Monday, January 11, 2016

The Adventurous 'Life Unexpected' of the Writer


What risks have you taken as a writer? Has your sense of adventure led you “home”. . . or has your adventurousness idled by the roadside, grounding you to one barren and stagnant place?

As I wrote on this blog last week, women writers are creating an anthology with stories and poems that frame the life unexpected . . .

What happened that you never saw coming and how did that change your life?

As writers we explore the "life unexpected". . . its surprises—welcome or unwelcome—unplanned adventures, twists and turns that lead to new discoveries and personal revelations in changing and challenging times.

This "mantra" brings me “home” to Arizona.

How could I know, Arizona, that you would lead me through all the losses? The loss of the whisper of expectation that comes with a new morning; the resignation when possibilities of love begin to fade like a withered rose with age.

In the distance the Catalina Mountains this January morning are covered with a lacy shawl of clouds. For the past 10 years I’ve traveled from the frigid winters of Pennsylvania where it got dark early and left me alone with my thoughts, to this place in the sun.

The Southwest called me like so many wanderers and adventurous and brave women before me. Remember Georgia O’Keeffe?


Here I could forget . . . seek rest from the losses. My husband's gentle touch, my brother's joking voice, my mother's throaty laugh, my father's serene blue eyes.

I think of my mother . . . some might call her a foolish, timid woman, myself included. Mother wouldn't have traveled like I, alone in my sixth decade to a place like this, the exotic, the desert, few friends, no rigid schedule that must be adhered, just soft morning light, fuchsia bougainvillea in bloom, a wizened old lady carrying all her belongings in a plastic shopping bag slowly making her way down Oracle Road.

What surprised me was when I looked in the mirror and saw my mother. Even my hands have begun to look like hers, worn and wrinkled now from years of washing dishes, tending gardens, cleaning house, cleaning up after children.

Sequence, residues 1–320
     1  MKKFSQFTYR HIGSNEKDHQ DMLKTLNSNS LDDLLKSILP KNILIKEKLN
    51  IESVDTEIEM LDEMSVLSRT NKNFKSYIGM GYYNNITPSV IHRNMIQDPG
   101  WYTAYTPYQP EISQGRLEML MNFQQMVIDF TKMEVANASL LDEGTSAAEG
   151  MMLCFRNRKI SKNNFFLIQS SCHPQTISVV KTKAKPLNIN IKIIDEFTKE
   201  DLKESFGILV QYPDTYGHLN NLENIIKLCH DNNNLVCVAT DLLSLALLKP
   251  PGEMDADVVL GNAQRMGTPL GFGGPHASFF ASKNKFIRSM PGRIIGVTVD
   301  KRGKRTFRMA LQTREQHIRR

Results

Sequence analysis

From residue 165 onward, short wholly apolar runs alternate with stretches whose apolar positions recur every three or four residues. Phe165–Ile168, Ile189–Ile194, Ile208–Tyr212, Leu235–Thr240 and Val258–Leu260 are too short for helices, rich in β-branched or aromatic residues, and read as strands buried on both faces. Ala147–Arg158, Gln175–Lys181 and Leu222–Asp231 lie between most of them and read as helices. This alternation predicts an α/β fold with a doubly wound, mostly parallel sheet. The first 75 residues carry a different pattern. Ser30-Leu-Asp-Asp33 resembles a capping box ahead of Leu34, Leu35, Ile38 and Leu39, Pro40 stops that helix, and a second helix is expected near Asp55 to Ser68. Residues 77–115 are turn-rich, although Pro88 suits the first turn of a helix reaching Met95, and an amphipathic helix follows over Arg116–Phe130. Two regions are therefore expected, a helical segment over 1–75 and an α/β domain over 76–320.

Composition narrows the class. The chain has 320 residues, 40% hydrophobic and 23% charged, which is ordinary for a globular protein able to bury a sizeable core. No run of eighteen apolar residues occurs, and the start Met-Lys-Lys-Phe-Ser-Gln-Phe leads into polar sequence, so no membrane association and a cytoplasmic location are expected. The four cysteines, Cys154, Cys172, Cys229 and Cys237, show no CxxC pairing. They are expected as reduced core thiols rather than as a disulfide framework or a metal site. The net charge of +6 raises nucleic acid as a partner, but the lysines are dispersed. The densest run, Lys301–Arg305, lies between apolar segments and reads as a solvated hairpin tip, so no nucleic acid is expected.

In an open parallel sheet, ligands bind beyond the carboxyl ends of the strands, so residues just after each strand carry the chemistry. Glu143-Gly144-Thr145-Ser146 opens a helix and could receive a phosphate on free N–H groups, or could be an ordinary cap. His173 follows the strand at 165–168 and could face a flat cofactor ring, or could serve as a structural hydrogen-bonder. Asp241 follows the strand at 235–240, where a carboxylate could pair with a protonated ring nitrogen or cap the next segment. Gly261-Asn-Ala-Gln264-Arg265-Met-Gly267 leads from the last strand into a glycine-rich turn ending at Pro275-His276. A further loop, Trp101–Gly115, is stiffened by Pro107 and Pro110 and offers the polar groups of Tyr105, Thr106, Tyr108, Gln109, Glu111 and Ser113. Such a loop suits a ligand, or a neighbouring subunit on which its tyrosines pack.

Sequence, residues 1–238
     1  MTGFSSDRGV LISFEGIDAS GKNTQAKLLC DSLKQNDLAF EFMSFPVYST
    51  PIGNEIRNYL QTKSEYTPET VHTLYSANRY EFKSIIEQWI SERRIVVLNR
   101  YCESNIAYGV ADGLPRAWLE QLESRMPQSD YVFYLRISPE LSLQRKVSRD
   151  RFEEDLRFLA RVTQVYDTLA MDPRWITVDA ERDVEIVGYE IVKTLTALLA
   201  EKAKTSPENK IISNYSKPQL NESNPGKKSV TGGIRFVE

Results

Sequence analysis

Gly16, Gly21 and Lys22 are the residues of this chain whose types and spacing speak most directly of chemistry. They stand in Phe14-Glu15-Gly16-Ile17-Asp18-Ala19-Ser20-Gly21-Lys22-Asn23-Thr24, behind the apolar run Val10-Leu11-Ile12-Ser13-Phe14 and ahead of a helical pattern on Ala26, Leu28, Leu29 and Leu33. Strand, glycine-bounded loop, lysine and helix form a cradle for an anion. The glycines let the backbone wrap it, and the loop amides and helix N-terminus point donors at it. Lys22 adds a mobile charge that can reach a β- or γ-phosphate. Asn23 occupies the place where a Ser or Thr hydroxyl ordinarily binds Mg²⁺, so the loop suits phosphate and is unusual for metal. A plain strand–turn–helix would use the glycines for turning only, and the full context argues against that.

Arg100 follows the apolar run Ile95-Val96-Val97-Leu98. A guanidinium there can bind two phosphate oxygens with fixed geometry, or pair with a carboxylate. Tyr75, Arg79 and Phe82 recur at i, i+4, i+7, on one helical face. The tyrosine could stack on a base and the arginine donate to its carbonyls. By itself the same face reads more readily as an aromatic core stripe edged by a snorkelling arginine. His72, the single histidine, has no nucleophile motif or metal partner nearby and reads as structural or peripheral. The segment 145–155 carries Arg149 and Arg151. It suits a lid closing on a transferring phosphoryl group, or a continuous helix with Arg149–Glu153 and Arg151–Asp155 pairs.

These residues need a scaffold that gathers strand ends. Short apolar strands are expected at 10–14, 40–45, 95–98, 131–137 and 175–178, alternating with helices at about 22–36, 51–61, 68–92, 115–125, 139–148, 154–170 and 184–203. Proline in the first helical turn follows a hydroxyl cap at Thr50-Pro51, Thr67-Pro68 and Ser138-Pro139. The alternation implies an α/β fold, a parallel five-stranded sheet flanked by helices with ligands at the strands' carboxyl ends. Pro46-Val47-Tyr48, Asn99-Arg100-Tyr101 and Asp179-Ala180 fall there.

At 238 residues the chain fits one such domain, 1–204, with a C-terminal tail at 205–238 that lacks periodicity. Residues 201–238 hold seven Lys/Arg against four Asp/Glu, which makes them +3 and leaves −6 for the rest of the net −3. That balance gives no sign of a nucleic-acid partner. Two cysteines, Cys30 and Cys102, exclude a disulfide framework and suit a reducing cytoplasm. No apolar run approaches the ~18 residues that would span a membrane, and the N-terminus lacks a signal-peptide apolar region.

I remember being seven years old . . . running through an open field of Queen Anne’s lace on a July morning near Stroudsburg, Pennsylvania. Like other little girls – like my mother and her mother before her, I dreamed of castles in the sky, men on white horses . . .

For women of my generation, trailblazing meant the uncharted territory of feminism. I planned to travel the world, embark on a meaningful career, maybe, if I was lucky, raise a family. Do it all! How could I know time and circumstances would wear me down – a big black wave washing over me as the losses mounted.


Then I was back in the sunlight, back in Arizona. Tucson – a contrast of unrivaled mountainous and desert splendor, poverty of the homeless and the disenfranchised. Here in moonlit canyons and starlit skies reaching as far as the eye can see, in breath-taking "postcard" sunrises, I am home – back to Susan.
“The art of losing isn't hard to master; so many things seem filled with the intent to be lost that their loss is no disaster.” ~ Elizabeth Bishop, American poet.


Our Women’s Writing Circle, our writing, leads us to memories that invoke powerful connections with others . . .we write about our perceptions of the world, as much as our feelings. We write our history, our baggage. This is the promise, the risk and the adventure of writing our stories. We conquer the losses.

I wish this for you, fellow writers. Take a risk! Indulge in an adventure, shake it up . . . and explore the life unexpected.

What risks have  you taken with your writing? What stories came unexpectedly but begged to be told? Your comments, thoughts, most welcome.
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